The Hayes Valley Issue: A Neighborhood That Has Changed More Than Any Other

by Peter Lawrence Kane | SF Weekly

HYBYCOZO in Hayes Valley. Photograph by Anna Vignet

We love it so.

Hayes Valley is as if the Mission and the Marina had a baby — then pushed it around in a stroller forever without stopping. With lots of greenery but few parks, and plenty of street life but too many expressway-like arterial thoroughfares, it’s a strung-together mess that will never shake off the legacy of the never-completed Central Freeway even though it’s bursting with boutiques and restaurants and an organic feel. Apart from Page Street heading inbound, the cycling infrastructure is horrendous, yet Hayes Valley is otherwise an urbanist’s dream: prosperous, walkable, and beautiful. Populated by the kind of people who hipsters call basic and basic types call hipsters, it’s Exhibit A in why it might be time to retire the term “inner city.”

People walk on Hayes street in San Francisco on February 16, 2018. Photo by Anna Vignet

As with many other sub-neighborhoods in and around the original Western Addition, 19th-century San Francisco’s streetcar suburb, its borders can be fuzzy. Based on the commercial zone that gives the neighborhood its name, its western edge can reasonably be said to be Buchanan Street, although Webster would be a firmer divide. But how about east: Franklin, or all the way to Van Ness? And does Hayes Valley extend south all the way to Market Street? (Surely, Zuni isn’t in the Lower Haight, but calling that stretch of Market doesn’t feel entirely in-character.) Heading north, it’s even less defined. Drawing a line at McAllister Street keeps all the commercial life in the fold, but that also seems suspiciously close to including all the new condos and excluding public housing. And one of those new developments even had the gall to take over a working farm..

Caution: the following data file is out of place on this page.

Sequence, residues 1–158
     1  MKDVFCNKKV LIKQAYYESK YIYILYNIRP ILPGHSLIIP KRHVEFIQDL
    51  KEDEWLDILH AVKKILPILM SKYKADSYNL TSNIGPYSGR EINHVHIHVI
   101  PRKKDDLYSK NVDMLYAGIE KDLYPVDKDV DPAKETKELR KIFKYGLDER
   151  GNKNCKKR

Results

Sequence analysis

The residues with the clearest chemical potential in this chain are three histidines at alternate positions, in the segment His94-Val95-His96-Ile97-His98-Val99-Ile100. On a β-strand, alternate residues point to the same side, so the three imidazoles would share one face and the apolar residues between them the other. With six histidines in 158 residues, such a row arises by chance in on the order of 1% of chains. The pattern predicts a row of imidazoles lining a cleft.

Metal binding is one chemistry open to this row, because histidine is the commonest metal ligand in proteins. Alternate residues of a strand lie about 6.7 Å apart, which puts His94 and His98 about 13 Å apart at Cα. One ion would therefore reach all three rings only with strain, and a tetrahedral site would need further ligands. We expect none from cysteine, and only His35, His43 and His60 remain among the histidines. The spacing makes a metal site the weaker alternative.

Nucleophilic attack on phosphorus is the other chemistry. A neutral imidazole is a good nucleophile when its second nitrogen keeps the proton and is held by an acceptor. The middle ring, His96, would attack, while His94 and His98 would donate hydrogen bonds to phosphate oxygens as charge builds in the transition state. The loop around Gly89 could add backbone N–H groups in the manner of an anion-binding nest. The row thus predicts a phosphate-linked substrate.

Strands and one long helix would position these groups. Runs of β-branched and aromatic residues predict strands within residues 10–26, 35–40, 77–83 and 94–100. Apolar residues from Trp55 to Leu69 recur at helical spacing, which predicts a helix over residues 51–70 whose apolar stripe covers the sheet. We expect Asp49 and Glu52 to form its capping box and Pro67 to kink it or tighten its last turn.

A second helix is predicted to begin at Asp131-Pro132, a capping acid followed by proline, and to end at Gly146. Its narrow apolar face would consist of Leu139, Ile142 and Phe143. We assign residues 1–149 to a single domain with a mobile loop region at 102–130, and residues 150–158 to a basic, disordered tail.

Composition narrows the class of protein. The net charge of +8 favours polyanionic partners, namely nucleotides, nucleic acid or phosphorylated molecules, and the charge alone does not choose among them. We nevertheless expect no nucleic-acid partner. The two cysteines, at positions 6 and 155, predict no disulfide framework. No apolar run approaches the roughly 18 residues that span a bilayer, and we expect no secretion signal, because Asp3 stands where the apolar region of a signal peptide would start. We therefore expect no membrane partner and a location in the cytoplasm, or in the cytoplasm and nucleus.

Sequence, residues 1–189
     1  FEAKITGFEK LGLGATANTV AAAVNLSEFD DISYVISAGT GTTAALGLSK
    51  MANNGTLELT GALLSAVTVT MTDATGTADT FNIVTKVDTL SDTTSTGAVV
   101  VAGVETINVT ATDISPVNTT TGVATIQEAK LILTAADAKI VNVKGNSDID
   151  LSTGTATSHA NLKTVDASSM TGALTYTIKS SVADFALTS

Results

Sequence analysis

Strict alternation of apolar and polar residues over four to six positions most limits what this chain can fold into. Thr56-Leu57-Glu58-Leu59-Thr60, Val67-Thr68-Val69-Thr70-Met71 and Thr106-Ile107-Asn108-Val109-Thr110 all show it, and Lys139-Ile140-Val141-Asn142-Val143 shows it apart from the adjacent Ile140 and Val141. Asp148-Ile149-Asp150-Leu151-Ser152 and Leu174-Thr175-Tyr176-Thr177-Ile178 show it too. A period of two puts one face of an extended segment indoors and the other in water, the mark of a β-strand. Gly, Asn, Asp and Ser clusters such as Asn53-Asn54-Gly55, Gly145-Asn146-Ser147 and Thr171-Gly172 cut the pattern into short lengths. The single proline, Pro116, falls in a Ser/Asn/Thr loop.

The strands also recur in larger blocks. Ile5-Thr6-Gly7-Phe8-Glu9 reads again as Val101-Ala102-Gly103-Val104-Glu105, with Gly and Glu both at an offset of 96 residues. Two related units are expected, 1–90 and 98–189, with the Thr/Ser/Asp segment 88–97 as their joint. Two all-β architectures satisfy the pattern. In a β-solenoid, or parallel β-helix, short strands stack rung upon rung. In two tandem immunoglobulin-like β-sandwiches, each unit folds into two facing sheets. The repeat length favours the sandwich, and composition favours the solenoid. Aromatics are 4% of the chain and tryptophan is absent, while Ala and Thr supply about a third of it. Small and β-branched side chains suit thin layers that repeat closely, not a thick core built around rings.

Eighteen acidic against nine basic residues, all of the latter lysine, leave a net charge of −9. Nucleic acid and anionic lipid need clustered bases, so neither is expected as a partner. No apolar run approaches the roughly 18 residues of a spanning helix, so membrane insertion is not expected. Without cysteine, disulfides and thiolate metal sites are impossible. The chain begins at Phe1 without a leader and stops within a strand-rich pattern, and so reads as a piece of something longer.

Friday afternoon visitors to the Biergarten in Hayes Valley as seen on Friday, February 16, 2018. Photo by Anna Vignet

Named for Colonel Thomas Hayes, a landowner who served as S.F.’s county clerk from 1853-56, it’s come a long way from farmland settled by Genovese immigrants a few blocks west of City Hall. Plenty of pre-1906 construction remains, as indicated by tall, narrow windows and squat yet ornate single-family dwellings. There is a larger-than-average number of turrets. There’s a Zen Center but few churches, cocktail bars but no dives. The opera and the Nourse and Rickshaw Stop ring it, and the southeast corner has a couple surface parking lots, that bane of transit-first planners. Murals large and small, socially conscious or apolitical, lord over multiple places to get coffee and ice cream. On one section of Fell Street, there’s a theoretical point where you can see City Hall’s rotunda line up with the Salesforce Tower. But even if that precise view is only the province of one lucky person’s bedroom window, the rest of us can see the twilight reflected in the glassy skin of 100 Van Ness, night after night.